Katie Taylor, a communication major, agrees.
“Sometimes, when I’m busy, I don’t want to go to the gym,” she said. “But it’s all about willpower. I bring snacks to school, so I don’t need to grab something bad at [the student center.] Find foods you like and would enjoy eating. Don’t let your schedule overwhelm you.”
Taylor said she works a part time job at a local tanning salon, but said she is grateful when her parents can help her financially.
“I grew up with my mom making all my meals,” she said. “My mom is a stick figure and is really healthy and fit. I’d rather put $20 towards groceries than go out to eat.”
However, Alarcon said it is not always that easy.
“I eat healthy a lot of the time,” she said. “But when you’re looking at peppers in Wal-Mart and three [different types of peppers] cost $6, it’s ridiculous. There was a time when I was using meal replacement shakes to get the nutrients I need and fill me up.”
Yet, Flagler graduate Chuck Riffenburg said it is best to shop around.
“Diane’s [Natural Food Market] is there and I also go to Whole Foods in Jacksonville,” he said. “I’ve gone to Scratch & Dent Discount Groceries a number of times.”
Baine said when buying produce, he tries to buy what is local and what is in season.
“Buying local is cheaper,” he said. “It is a regional and local thing. Here, we’re lucky because we are so close to farm communities. If I go to roadside vendors or Stewart’s [Market] on the island, I can pay 99 cents for guacamole—versus Winn Dixie, where it’s $3.99 for a singular avocado.”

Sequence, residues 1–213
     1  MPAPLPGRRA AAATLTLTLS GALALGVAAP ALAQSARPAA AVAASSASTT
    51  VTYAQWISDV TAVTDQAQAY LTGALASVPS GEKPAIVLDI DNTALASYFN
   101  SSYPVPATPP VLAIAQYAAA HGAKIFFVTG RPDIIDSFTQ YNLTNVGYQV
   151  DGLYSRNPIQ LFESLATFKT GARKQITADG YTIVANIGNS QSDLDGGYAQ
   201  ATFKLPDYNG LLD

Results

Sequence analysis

However, Alarcon, who said she walks to the Conch House from Lincolnville, said her lack of transportation keeps her in the downtown area.
“My bike is broken and I need a whole new tire on the back,” she said. “Plus, it’s really hard to stabilize yourself when you’ve got groceries on a bike. I walk to Winn Dixie with my backpack, but they need to put a market right here.”
Alarcon said although she enjoys the close proximity of Carmelo’s Marketplace on King Street, she said she has trouble finding the fresh produce she wants and does not like paying for convenience.
“The people outside Carmelo’s ask me for change,” she said. “But I’m like: ‘do you have some change you can give me?'”
Yet, for Bryant Loeffler, one of the chefs at Local Fare produce, delivering local food to customers who may not have the means or time to travel to the grocery store is a key component of his business.
As a chef for 15 years, Loeffler said he has “done everything” from dishwashing to cooking. After working at a restaurant in Savannah, Ga., that also had its own farm, he said harvesting and preparing local food has become a passion of his.
“We moved down to Florida because there are a lot of farms down here,” he said. “It was a great opportunity for us to step out of the kitchen, harvest on Monday, and deliver fresh and local food to the people who can’t get to the farmer’s market and can’t get to the restaurant.”
Loeffler said in addition to receiving a bag of seasonal, local produce for $25, Local Fare also includes a few recipes for preparing the food and couples these recipes with instructional videos from the company’s website.
“Sometimes when college kids [and young people] go to the farmer’s market, they don’t know what to do with all the produce,” he said. “They think: ‘It’s a hassle; I’ll go grab a burger.’ The key is to give it to them and give them direction.”